2011: The 9th hottest year on record

The entire universe in blog form
Jan. 20 2012 10:34 AM

2011: The 9th hottest year on record

If anyone tells you the Earth isn't warming up...

Phil Plait Phil Plait

Phil Plait writes Slate’s Bad Astronomy blog and is an astronomer, public speaker, science evangelizer, and author of Death from the Skies!  


... tell them they're full of it.

2011 was the ninth hottest year on record, and those records go back 130 years.

And then they might say, well, sure, but that could be coincidence. Then you look them straight in the eye, and you say:

Nine of the ten hottest years on record have been since 2000.

The map above shows changes from average (where the average is from 1951 to 1980). You see clearly that temperatures over land have increased almost universally. Most of the ocean temperatures have gone up as well; the one big cooler region in the eastern Pacific is due to the La Niña last year, so it's a temporary effect. Even with La Niña dropping temperatures, the overall effect is an increase in temperature. I'll note that sunspot numbers were low last year as well, which (if anything) should result in a (very) slight cooling effect too.

Climate change deniers will gnash and froth -- I expect the comments to this post to reflect that, as they always do -- but the bottom line is this. The Earth is getting hotter. Human beings are at least partly to blame, and the evidence has piled up that we are mostly to blame. Not the Sun, not cosmic rays, not orbital oscillations. Humans.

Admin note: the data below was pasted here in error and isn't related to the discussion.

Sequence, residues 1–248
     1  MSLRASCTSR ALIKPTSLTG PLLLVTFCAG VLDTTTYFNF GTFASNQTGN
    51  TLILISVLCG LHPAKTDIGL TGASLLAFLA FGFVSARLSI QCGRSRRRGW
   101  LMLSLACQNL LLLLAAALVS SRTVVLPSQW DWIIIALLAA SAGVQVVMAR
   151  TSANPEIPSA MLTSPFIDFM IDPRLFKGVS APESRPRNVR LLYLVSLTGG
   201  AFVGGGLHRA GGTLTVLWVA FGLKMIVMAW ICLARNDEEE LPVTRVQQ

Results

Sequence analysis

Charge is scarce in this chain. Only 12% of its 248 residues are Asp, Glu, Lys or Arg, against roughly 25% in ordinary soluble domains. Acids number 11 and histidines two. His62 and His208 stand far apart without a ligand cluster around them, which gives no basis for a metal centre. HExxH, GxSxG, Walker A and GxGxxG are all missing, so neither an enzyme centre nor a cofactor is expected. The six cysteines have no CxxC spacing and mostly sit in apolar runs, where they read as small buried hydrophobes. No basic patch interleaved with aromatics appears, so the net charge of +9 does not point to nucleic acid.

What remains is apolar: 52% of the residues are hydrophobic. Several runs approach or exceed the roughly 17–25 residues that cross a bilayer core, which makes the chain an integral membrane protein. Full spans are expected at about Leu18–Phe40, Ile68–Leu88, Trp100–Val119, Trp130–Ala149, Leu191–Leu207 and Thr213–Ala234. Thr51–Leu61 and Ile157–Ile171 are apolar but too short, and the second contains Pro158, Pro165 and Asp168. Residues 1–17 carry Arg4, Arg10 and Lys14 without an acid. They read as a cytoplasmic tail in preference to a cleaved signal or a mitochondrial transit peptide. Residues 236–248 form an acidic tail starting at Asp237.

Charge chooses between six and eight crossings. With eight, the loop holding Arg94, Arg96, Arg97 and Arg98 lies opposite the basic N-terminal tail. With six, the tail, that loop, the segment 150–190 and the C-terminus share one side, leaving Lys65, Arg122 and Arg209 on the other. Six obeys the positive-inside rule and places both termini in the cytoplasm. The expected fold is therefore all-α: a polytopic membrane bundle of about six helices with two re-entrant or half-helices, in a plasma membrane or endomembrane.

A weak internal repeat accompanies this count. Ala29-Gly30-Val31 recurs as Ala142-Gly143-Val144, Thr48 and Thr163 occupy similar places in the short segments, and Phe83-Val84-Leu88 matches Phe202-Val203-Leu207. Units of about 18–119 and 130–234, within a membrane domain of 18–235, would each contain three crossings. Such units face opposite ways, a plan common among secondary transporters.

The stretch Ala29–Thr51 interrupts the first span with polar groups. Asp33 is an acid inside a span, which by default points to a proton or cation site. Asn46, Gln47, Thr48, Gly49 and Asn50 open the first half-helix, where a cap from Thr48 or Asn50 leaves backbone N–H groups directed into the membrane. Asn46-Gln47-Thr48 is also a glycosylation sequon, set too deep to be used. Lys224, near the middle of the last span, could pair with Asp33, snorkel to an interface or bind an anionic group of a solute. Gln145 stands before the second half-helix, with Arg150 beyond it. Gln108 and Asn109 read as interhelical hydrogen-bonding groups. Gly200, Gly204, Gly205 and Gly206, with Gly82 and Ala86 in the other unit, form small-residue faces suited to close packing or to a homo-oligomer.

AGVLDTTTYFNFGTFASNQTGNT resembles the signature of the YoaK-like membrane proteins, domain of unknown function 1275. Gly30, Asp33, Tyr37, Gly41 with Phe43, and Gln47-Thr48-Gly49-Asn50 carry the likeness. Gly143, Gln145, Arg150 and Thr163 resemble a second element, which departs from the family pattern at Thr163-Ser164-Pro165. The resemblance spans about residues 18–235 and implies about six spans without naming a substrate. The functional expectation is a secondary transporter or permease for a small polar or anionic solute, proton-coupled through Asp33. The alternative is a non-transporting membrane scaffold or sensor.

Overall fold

As I've said before, here are the facts:

The Earth is warming up. The rate of warming has increased in the past century or so. This corresponds to the time of the Industrial Revolution, when we started dumping greenhouse gases into the atmosphere. Greenhouse gases warm the planet (hence the name) -- if they didn't we'd have an average temperature below the freezing point of water. Carbon dioxide is a greenhouse gas which is dumped into the atmosphere by humans to the tune of 30 billion tons per year, 100 times the amount from volcanoes. And finally, approximately 97% of climatologists who actually study climate agree that global warming is real, and caused by humans.

Given the vast amount of evidence supporting all this, denying it is fantasy. Again, that won't stop deniers: they will obfuscate, blow smoke, and nitpick details to make them seem important. But what they're doing is fiddling while Earth burns.

Related posts: